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I have seen something along the lines of "parties of 8 or more will have a 25% gratuity added to the check" on menus in many US restaurants. Its been on menus for as long as I can remember. I assume its legal if it is visible, as it is virtually no different than listing the cost of the food - it just requires more mental math. However, that doesnt make it so, so I was curious. Is this legal? What if you didnt read that part of the menu? Can you be expected to read the entire menu?

I went to lunch by myself today (in Virginia) and I was shocked to find a 20% gratuity already added to my check. It was not written on the menu, nor was I told about it. I have been to this restaurant dozens of times previously, but this was the first time in ~6 months. When I asked the waitress, she said there was a sign at the front of the restaurant. I went to the front and there was no sign. I asked for the manager, who (of course) said it was legal and the waitress should have told me (she didnt). He went to look for the sign, but it was not there. He found it behind the cashier's counter (as in someone took it down and it was not displayed). He offered to take the gratuity off, to which I said no. I normally tip 15% for normal service, 20% for good. so I wasnt going to argue over a change.

On a side note/rant, charging almost 2x the cost of a 2 liter bottle of soda for a glass of soda should be illegal :P

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3 Answers 3

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Automatic tips are only legal where they have been communicated in advance by whatever means (visible sign at the front, note in the menu etc.).

As in your case it wasn't communicated, it wasn't legal. This is pretty much why the manager offered to refund it.

Can you be expected to read the entire menu?

Moot point. It probably can be argued that you can't, and that any notion of automatic tip must be prominently visible.

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  • That is interesting. There are some restaurants I go to, where I do not read the menu. I go to them to get specific dishes and I havent opened the menu in years. If the slipped that policy in, I wouldnt know.
    – Keltari
    Mar 4, 2023 at 16:06
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It has to be noted clearly

In Italy, there are several different types of extra charges that can apply to a dinner in a restaurant:

  • Table/Service Charge - either flat per seat or a percentage of the ordered food + wine
  • Bar Charge - per drink pulled from the tap or percentage of the costs of the drinks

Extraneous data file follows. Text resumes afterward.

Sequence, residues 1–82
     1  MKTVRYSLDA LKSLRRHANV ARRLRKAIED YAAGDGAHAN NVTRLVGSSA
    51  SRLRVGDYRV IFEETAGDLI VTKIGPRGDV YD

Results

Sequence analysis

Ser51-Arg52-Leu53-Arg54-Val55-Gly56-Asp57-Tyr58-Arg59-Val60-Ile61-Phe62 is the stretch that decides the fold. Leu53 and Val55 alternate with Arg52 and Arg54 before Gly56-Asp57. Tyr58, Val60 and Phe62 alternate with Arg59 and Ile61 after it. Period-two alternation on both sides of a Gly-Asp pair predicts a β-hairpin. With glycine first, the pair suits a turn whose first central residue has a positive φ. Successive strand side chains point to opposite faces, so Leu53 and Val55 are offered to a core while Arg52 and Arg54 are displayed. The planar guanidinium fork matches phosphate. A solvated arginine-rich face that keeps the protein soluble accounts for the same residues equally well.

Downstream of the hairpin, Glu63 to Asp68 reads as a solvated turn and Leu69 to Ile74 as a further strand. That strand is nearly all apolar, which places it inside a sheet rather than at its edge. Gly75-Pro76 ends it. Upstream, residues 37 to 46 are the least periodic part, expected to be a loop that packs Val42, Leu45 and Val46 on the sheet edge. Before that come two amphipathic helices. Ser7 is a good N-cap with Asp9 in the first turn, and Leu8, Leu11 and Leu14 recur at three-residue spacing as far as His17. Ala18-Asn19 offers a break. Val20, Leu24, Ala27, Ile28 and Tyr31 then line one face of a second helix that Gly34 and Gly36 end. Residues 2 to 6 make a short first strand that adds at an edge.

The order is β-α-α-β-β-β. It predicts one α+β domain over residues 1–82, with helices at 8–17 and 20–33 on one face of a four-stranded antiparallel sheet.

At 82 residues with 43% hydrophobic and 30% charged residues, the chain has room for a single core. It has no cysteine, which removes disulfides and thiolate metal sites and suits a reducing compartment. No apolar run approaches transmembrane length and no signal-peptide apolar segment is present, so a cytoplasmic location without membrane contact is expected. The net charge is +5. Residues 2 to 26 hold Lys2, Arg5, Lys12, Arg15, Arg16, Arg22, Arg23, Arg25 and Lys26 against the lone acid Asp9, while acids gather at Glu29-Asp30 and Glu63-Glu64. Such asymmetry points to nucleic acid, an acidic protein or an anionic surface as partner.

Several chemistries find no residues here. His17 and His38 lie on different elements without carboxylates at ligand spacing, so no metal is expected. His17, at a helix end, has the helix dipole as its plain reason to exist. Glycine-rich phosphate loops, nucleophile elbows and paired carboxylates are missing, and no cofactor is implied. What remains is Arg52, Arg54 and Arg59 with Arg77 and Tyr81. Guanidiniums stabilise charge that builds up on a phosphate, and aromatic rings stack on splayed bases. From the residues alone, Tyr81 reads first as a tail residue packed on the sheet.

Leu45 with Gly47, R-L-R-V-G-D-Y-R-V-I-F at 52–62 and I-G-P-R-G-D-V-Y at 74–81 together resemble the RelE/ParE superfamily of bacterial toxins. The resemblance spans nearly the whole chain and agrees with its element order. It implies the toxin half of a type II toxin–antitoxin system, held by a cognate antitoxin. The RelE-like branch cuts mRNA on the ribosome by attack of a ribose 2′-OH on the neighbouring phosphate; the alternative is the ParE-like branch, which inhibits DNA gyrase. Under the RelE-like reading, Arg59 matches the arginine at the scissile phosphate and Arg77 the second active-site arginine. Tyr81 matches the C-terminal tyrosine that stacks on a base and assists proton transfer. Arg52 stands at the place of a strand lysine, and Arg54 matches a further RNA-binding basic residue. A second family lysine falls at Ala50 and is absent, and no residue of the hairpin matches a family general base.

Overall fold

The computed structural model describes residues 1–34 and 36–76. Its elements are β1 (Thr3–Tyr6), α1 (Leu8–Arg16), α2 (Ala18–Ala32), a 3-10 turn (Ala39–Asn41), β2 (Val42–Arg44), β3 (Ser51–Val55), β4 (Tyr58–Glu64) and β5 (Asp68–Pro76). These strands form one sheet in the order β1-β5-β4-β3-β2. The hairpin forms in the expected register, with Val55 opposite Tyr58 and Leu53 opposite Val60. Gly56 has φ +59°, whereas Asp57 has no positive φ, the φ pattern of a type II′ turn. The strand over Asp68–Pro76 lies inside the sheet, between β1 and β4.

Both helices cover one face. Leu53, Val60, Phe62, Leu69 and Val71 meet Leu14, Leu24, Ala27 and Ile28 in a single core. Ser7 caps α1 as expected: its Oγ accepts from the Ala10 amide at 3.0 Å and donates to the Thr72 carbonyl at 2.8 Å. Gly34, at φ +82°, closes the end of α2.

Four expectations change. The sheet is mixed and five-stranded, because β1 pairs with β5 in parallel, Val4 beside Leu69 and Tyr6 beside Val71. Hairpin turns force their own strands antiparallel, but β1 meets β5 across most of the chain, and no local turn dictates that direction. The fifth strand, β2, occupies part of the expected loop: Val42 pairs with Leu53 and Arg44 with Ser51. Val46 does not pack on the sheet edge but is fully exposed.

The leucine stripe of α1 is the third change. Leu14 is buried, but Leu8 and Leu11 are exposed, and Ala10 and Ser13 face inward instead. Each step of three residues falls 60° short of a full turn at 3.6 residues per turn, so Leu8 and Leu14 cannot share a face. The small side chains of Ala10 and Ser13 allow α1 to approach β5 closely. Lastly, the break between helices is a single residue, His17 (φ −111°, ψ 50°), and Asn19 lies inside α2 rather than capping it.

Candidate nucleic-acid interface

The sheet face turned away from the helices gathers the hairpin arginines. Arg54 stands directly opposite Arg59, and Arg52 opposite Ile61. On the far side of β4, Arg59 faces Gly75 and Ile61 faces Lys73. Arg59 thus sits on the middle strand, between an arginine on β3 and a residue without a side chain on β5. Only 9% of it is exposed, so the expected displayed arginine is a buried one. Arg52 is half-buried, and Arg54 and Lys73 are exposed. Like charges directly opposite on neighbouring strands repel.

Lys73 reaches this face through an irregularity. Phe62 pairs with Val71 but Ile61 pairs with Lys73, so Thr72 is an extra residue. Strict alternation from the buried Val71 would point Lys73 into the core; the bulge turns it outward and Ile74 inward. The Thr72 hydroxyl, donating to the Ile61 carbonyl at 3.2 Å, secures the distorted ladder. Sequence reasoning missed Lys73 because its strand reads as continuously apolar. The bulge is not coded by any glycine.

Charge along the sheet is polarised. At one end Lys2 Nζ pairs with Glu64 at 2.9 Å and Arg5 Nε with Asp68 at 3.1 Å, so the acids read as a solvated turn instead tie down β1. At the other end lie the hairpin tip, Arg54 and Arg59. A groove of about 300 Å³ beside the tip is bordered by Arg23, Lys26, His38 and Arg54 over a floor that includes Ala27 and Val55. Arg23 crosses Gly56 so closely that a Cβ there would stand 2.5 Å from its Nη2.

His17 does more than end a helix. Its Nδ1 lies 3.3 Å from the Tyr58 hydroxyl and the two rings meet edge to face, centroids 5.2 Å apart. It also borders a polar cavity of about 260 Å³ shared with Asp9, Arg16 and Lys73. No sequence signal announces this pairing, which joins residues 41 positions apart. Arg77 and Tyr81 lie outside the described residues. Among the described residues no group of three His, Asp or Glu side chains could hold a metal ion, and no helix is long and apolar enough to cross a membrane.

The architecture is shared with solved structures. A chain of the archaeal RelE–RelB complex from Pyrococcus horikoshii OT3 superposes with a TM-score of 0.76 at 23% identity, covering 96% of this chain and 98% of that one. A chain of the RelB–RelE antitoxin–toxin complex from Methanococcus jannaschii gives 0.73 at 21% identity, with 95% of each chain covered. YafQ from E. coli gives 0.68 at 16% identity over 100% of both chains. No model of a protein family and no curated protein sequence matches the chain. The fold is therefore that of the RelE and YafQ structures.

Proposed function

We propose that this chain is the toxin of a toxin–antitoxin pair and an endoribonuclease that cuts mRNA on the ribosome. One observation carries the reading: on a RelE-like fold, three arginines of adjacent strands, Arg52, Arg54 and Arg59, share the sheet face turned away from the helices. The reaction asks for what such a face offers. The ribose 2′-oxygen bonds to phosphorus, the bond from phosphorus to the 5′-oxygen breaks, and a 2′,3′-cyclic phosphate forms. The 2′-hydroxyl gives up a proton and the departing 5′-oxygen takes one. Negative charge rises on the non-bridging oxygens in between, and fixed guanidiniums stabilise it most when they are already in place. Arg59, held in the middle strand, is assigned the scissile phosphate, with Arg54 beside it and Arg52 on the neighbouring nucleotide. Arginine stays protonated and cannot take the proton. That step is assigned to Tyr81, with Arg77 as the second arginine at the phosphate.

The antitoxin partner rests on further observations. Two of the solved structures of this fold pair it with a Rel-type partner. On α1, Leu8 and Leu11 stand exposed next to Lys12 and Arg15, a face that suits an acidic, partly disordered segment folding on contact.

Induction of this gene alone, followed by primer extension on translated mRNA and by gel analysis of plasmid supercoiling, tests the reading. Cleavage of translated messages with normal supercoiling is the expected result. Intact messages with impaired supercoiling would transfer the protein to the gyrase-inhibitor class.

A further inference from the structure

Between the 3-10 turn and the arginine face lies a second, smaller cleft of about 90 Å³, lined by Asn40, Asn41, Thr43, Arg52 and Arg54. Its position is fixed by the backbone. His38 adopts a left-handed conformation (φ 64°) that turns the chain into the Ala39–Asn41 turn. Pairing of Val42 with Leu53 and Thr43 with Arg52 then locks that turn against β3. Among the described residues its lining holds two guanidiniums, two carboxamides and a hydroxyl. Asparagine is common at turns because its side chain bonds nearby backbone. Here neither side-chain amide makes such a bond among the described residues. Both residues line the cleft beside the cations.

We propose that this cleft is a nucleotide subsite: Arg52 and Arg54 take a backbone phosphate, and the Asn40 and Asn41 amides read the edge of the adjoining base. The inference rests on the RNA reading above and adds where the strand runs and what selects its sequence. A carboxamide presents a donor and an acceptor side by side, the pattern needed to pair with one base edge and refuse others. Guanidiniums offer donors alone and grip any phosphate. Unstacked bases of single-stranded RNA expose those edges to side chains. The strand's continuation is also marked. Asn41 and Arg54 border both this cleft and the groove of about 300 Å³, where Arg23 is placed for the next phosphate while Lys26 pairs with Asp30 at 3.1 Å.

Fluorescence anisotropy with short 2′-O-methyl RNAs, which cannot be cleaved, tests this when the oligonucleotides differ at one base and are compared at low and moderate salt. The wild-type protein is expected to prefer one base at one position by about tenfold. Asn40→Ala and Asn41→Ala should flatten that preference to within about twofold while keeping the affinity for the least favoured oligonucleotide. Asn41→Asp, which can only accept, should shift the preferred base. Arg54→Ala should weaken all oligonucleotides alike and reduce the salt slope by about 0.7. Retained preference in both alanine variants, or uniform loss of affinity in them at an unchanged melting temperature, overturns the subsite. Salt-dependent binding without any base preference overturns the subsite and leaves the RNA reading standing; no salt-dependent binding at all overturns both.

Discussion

• Life Music Fee - usually a flat amount

All of this need to be clearly stated on the menu in a readable and visible place. This is NOT a gratuity or tip, but an ordinary billing item.

A mandatory Gratitude is not allowed

In France, any service fee needs to be part of the addressed prices. Those prices already have to contain the 15% service compris since 1985. As such, a mandatory tip would violate law.

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  • I can understand if it is noted clearly. However, then there is the issue of what defines "clearly." In my case, it wasnt noted at all. However, what if its in the menu and I didnt read the menu? I often go to a restaurant and order a dish I liked before and do not even open the menu. What if it was posted on a small sign and I simply didnt see the sign? "Clearly" isnt very clear and defining it seems ambiguous.
    – Keltari
    Mar 4, 2023 at 16:36
  • @Keltari in italy, the law is you have to note it in a clear way, which is typically on the bottom of every page of the menu or the first page. The menu also has to be publicly hung or be available before entering the restaurant. it is not upon the restaurant that you did not read the menu handed to you or hung up.
    – Trish
    Mar 4, 2023 at 17:22
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Service charges (automatic gratuities) may require notification, or not, depending on state law.

In , RCW 49.46.160 requires customer notification of automatic service charges:

An employer that imposes an automatic service charge related to food, beverages, entertainment, or porterage provided to a customer must disclose in an itemized receipt and in any menu provided to the customer the percentage of the automatic service charge that is paid or is payable directly to the employee or employees serving the customer.

There are no particular requirements as to how that notification is to be made. Michigan attempted to pass such laws twice but failed.

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  • The quoted passage talks about the % of the tip that the waitress gets, not how big the tip to be paid by the customer is.
    – Greendrake
    Mar 4, 2023 at 7:43

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